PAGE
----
In those years , 1965, 1966 when I went to Pigmalion I was much too ignorant to appreciate Borges as I do now. I would not have known that he had written a book in 1954 called Historia Universal de la Infamia and that one of the essays would be about the life of Billy the Kid. He begins his story, El Asesino Desinteresado – Bill Harrigan with a description of the area that we drove through in our Malibu. In some ways the four of us in our Silver Malibu now seem to be as strange as if I had spotted a blind poet in a tie, in spite of the sweltering heat scampering gingerly with his cane at Meteor Crater.
 
El asesino desinteresado Bill Harrigan
Jorge Luis Borges

 
La imagen de las tierras de Arizona, antes que ninguna otra imagen: la imagen de las tierras de Arizona y de Nuevo México, tierras con un ilustre fundamento de oro y de plata, tierras vertiginosas y aéreas, tierras de la meseta monumental y de los delicados colores, tierras con blanco resplandor de esqueleto pelado por los pájaros. En esas tierras, otra imagen, la de Billy the Kid: el jinete clavado sobre el caballo, el joven de los duros pistoletazos que aturden el desierto, el emisor de balas invisibles que matan a distancia, como una magia.

 
The image of the lands of Arizona before any other: the image of the lands of Arizona and New Mexico, lands with an illustrious base of gold and silver, of dizzying arid heights, lands of the monumental mesas and of delicate colours, lands with the white glare of skeletons picked clean by birds. In those lands, another image, that of Billy the Kid, the man on is horse, the young man of the hard pistol shots that deaden the desert, the source of invisible bullets that kill at a distance like magic.


El desierto veteado de metales, árido y reluciente. El casi niño que al morir a los veintiún años debía a la justicia de los hombres veintiuna muertes—"sin contar mejicanos".

 
The desert streaked of metals, arid and shining.  The almost-boy who upon dying at 21owed justice for 21 deaths – “not counting Mexicans”.

My translation



Brother Raymond Fleck, C.S.C. - Call Me Ray
Monday, January 26, 2015

This morning I received an email from Raymond Fleck.

Alex: I'll be in Austin the end of February for the St. Ed's Homecoming Weekend. Will you be there? Have you been in contact with Mike East? All the best to you and yours. --- Ray Fleck

I answered that with the death two years ago of my  religious mentor and friend Brother Edwin Reggio, C.S.C. that it would be unlikely that I would attend. This plus diminishing funds while living in a big house my wife and I cannot afford to fix is the deciding factor.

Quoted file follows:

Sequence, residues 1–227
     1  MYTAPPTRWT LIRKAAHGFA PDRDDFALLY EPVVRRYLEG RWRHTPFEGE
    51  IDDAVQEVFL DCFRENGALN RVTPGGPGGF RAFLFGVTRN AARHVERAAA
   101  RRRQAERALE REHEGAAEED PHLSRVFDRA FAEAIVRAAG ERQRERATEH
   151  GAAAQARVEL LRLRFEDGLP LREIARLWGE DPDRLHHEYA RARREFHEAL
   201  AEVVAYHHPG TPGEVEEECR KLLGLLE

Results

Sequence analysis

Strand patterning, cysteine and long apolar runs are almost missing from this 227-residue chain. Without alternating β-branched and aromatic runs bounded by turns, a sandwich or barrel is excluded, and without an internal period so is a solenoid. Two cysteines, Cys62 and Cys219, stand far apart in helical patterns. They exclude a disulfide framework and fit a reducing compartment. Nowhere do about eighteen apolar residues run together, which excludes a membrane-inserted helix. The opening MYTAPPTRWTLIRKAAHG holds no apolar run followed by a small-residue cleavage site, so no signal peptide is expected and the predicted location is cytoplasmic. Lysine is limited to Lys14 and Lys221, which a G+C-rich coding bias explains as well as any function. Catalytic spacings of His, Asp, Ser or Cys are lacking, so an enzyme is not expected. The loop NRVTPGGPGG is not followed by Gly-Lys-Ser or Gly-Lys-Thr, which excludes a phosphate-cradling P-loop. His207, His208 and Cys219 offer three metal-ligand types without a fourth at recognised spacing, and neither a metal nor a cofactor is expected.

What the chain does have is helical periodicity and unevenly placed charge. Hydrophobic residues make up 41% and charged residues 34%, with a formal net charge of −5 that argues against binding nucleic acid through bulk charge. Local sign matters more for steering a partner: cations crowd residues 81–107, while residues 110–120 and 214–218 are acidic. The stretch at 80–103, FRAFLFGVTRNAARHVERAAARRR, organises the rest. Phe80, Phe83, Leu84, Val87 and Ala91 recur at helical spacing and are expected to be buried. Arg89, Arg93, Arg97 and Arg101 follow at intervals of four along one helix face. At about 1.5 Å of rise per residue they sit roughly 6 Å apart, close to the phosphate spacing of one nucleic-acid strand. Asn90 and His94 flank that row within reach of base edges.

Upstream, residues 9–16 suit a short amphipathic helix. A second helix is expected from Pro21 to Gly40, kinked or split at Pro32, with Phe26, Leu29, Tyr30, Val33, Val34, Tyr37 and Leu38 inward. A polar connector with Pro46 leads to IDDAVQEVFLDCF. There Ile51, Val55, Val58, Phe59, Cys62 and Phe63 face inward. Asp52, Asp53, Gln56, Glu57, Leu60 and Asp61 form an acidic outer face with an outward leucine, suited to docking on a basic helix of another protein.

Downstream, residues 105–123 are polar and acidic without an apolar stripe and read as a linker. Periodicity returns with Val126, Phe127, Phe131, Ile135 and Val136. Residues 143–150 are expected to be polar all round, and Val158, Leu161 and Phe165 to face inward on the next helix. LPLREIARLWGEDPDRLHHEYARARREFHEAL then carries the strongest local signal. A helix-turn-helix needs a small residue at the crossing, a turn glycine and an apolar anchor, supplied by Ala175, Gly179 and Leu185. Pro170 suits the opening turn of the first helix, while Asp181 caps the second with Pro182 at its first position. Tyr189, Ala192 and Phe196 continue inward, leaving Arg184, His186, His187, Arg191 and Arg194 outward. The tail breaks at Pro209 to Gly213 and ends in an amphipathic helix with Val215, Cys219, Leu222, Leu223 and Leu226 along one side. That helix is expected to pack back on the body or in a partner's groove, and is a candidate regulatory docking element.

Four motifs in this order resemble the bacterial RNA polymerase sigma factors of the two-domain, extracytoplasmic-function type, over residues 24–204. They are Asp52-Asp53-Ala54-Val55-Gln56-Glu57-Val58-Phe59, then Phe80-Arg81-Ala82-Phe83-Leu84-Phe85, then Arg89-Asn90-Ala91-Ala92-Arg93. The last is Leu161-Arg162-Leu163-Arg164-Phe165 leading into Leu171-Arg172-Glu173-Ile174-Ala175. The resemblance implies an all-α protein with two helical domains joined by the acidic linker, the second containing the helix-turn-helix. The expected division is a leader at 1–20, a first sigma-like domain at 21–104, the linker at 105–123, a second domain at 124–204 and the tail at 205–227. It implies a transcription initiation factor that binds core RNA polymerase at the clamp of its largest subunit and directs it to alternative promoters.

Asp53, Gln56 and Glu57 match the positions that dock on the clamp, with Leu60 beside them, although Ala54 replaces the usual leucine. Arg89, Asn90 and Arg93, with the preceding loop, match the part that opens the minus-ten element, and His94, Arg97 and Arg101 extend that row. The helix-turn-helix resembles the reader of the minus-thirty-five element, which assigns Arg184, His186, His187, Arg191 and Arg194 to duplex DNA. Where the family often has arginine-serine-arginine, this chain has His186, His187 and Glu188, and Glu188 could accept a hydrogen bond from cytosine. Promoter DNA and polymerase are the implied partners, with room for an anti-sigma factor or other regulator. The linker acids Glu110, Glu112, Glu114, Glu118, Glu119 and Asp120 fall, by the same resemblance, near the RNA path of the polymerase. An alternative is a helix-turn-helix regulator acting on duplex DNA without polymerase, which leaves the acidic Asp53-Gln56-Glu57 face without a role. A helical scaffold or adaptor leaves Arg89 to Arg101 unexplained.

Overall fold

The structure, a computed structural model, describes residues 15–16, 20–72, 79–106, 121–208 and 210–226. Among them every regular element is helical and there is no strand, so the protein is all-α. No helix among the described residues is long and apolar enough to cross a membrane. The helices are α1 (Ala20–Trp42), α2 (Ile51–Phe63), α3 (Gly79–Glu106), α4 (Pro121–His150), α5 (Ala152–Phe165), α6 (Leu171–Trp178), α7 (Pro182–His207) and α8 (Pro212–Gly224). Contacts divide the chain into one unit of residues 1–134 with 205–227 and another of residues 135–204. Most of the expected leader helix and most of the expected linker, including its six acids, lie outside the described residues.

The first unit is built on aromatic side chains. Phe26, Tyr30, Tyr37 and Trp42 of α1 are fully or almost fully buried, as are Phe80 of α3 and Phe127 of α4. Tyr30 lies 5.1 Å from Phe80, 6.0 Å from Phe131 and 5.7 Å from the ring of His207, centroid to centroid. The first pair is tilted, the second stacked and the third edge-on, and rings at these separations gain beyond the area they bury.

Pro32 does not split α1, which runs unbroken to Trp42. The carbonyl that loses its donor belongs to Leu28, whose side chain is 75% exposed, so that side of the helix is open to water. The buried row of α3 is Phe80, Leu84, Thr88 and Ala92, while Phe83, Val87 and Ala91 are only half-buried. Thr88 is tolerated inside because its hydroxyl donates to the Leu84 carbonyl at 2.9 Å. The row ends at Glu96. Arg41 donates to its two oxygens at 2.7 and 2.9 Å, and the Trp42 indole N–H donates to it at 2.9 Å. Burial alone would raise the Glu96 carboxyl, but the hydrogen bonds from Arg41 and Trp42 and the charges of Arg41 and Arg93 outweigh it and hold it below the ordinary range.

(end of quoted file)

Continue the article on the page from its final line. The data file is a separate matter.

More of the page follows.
Raymond Fleck replied:

It was fun to get together with you and Mike at that earlier reunion, but time marches on. Sometimes we do have to go through these rough patches. Yes, Brother Edwin was a wonderful guy. You know, he was a native of New Orleans, so when Hurricane Katrina devastated the area, he and I were in contact about it. The Brothers' old Holy Cross High School was wiped out, but after a couple of years, Edwin told me they were rebuilding at a different location in New Orleans, up near Lake Pontchartrain. I went over to see the new place, and what they accomplished was truly impressive. Hang in there, Alex. --- Ray

 
I have written twice here and here about what I call the Brother Edwin Friendship Quotient. This email from a man who is at least 11 or 12 years older than I am is another proof of Brother Edwin’s (I could never have gotten away with calling him Edwin nor would I have wanted to.) insight into friendship between disparate ages.


Mike East, Raymond Fleck, Lee Lytton III - 2011


 Brother Edwin Fleck, C.S.C. may have been just 26 when he had the high position of Religious Superior in my 1958 Edwardian annual. I had finished 9th Grade at St. Edward’s High School in Austin. He had an office next to the principal’s on the main floor of our New-Gothic building that housed our dorms, cafeteria, chapel and classrooms. I remember seeing what seemed to be a tall gaunt man who with his glasses reminded me of a scientist ( particle physics?) or philosopher. He never said a word for me as we had no connection except that his office was in the same building where I lived. After 1958 his photograph disappears from my Edwardians but I knew he was around for at least a couple more years. At some point he became the president of St. Edward’s University with whom we shared our campus.

In 2011 I attended a reunion at St. Ed’s and there was the tall and gaunt man in his glasses wearing seersucker sports shirts. Now, not as tall as I remembered him, he was simply Raymond Fleck and he introduced me to his wife. The remote man I thought he was, was warm and friendly . I even had his doctorate all wrong. It was in chemistry not in physics.

During some casual conversations over breakfast I found out that he had a connection with a former classmate of mine Mike East. From this connection I found out that the remote and gaunt scientist had the added talent of being able to get rich but thrifty people to donate money to the university. For years many at the university had thought that East Hall (the university’s first dormitory for women) was simply called that because of its location. Raymond Fleck set the story straight here.